Sometimes I feel really young when I look at the experiences I have compared to the experiences I have not been through. I might seem like I am naive by saying this but I love where I am at with my relationships currently. This is an evaluation of all my current relationships as a seventeen-year-old:
When I am with you,
You take me out of my fixed headspace
That can sometimes be crippling
You talk with purpose, even if it is to yourself, it means something.
You make me feel like Stevie Wonder when he talks about the people he loves,
unconditionally and without limitations.
you give me relief and let me express myself without shame
which is something that i have lacked in my past relationships
i look at the little things like your laugh
and the way you smile at the things that make you happy,
i look at the things that make you mad or irritated
i look at the touch from your hands and your tenderness
it’s weird that i feel this way cause i have lost so much in the last couple of months. But, i can always control how i feel. that’s something that my mother taught me.
To conclude: You make me happy, in a giddy, platonic way.
When I was young, I had straight hair: golden, shiny, long curly hair. People would say, “Olivia, your hair is beautiful, don’t ever touch it.” In a sense, I felt quite pompous because of my hair. I knew people were attracted to it. My mother called it mermaid’s hair and I took extreme pride in the comment. I loved the attention my hair drew; it became key to my identity. Being young and blind to cultural and social cues, I flaunted my hair and reveled in the jealousy of others.
But then I grew up. I stopped living in the trance of my innocence. I became aware of the culture of my family and I didn’t know where I fit into that.
Being African American, Filipina, and Caucasian, I was surrounded by many cultures at a young age but grew up in a town where the ethnicity was mainly white which was reflected in my appearance with my long, straight, golden hair. The blonde hair that tickled my back as I walked side to side was a label for things that I didn’t understand at five years old, and that was my heritage. My hair was not the type of hair that you would see on a little black girl.
My African American family and my Filipina grandmother would always have something to say about my hair. It was too frizzy or too straight and never right for their standards.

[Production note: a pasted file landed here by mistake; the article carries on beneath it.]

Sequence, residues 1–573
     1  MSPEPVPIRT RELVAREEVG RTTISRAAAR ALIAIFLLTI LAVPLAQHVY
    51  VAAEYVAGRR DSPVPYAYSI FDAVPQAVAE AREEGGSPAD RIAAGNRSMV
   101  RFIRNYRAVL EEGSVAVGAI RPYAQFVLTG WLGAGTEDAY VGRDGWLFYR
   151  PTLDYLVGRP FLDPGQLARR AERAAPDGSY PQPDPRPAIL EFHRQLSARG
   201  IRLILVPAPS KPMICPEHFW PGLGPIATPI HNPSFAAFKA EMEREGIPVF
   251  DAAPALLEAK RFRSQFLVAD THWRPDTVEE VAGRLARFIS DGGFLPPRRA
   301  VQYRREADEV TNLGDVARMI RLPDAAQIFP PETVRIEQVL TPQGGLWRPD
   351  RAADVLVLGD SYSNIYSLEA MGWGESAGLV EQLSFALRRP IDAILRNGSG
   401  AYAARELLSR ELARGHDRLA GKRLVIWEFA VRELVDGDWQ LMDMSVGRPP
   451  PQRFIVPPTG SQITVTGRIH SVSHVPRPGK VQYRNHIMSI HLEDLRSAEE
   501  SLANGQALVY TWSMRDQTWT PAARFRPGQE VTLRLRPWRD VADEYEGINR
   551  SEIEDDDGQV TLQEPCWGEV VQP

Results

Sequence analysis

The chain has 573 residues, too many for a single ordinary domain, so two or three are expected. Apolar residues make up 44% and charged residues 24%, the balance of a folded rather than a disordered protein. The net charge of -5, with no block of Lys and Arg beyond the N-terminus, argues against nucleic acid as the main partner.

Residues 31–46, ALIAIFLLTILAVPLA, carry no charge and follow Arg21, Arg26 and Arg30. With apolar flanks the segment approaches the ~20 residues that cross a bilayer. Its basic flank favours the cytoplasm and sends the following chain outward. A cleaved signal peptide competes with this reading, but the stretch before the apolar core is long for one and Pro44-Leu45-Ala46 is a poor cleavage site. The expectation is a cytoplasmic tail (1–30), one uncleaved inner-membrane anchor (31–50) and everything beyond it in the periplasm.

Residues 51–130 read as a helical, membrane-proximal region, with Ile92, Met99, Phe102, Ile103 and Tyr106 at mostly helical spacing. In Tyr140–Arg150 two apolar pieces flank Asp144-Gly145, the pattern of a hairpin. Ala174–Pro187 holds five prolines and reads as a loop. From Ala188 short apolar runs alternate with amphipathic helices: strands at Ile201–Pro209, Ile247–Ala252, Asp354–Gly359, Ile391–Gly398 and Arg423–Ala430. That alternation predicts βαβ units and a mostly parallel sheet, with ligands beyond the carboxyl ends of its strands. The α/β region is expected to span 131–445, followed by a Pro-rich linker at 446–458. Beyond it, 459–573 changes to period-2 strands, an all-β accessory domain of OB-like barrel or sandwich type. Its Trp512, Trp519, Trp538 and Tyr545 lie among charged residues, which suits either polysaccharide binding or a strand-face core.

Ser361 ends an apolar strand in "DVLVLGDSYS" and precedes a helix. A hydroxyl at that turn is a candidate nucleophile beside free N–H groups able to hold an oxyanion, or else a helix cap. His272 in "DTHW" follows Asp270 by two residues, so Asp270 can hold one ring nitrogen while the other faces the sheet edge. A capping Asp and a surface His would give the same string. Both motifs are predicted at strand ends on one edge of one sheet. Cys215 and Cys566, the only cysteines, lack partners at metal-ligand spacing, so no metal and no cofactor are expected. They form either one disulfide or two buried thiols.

As I grew older and insecurities rose, my hair became frizzier, longer, and harder to manage. During my middle school years, I was confused and grappling with a loss of identity. With no relationship with my heritage, and trying to guide myself through my pre-teen years, my hair reflected the struggles I was facing. My hair was developing, and so was I, but I didn’t know how to control it. It and I were lost, and this struggle for a sense of identity lasted years.
Then something happened during the summer between my freshman and sophomore year where I felt a sense of need. So, I cut my hair, all of it, and I felt fantastic. A fresh, ear-length, haircut was what I needed to not only feel confident but awake.
My sophomore year of high school was a major awakening for me and my relationship with my ethnic identity. I understood the history of blacks in America as I began to read poems from Maya Angelou and read about corrupt African American communities in the works of Toni Morrison. I explored music relating to the struggles of black men and women, and began to experience my culture. I also felt a need to connect to my Filipina heritage as well. I began to cook more of my grandmother’s traditional Filipino recipes and shared them with my friends and family that didn’t understand my culture.
My hair reflected the feelings that I was developing for my culture. It was curly, big, darker in color, and felt like me. I finally accomplished the sense of identity that I had been searching for in my young teenage years. I wasn’t just a girl, living in caucasian town with frizzy uncontrolled hair. I was a woman, who knew what she wanted and who she was who just so happened to have big curly locks on her head.
Now, I love my hair just like I loved it when I was a little girl. I am able to bounce my curls all day without feeling the judgment of my family. I don’t care about what people have to say about my looks and how I am not enough in terms of my heritage.
Sometimes, I find myself being guided through life through the wisdom of songs. From songs that don’t have lyrics to songs that only have lyrics, melodies will always lay a path for me to follow. Being 17, I have a lengthy list of songs that have shaped me.
As by Steve Wonder has taught me how to love the people through all four seasons, through thick and thin, through the mysteries of tomorrow. I learned how to love, always.
Man in the Mirror, MJ; This song was, in my memory, the first song that highlighted the less fortunate. At a young age, I realized how blessed I was to have a roof over my head and a full plate of food 3 times a day.
All for You, homegirl, Janet; The “I just wanna have a fun” song of the 2000s.
Superwoman by Alicia Keys. I am SUPERWOMAN, yes I am and yes she is! Alicia, thank you for teaching me that being a woman is super! I have never been more proud!